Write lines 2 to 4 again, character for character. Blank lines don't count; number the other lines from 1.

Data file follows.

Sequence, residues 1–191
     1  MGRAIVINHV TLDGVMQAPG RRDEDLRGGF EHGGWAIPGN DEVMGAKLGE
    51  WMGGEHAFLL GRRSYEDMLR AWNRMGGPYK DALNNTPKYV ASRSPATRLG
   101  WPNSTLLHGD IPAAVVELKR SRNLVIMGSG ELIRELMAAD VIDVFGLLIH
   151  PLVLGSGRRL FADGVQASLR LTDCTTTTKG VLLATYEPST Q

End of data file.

     1  MGRAIVINHV TLDGVMQAPG RRDEDLRGGF EHGGWAIPGN DEVMGAKLGE
    51  WMGGEHAFLL GRRSYEDMLR AWNRMGGPYK DALNNTPKYV ASRSPATRLG
   101  WPNSTLLHGD IPAAVVELKR SRNLVIMGSG ELIRELMAAD VIDVFGLLIH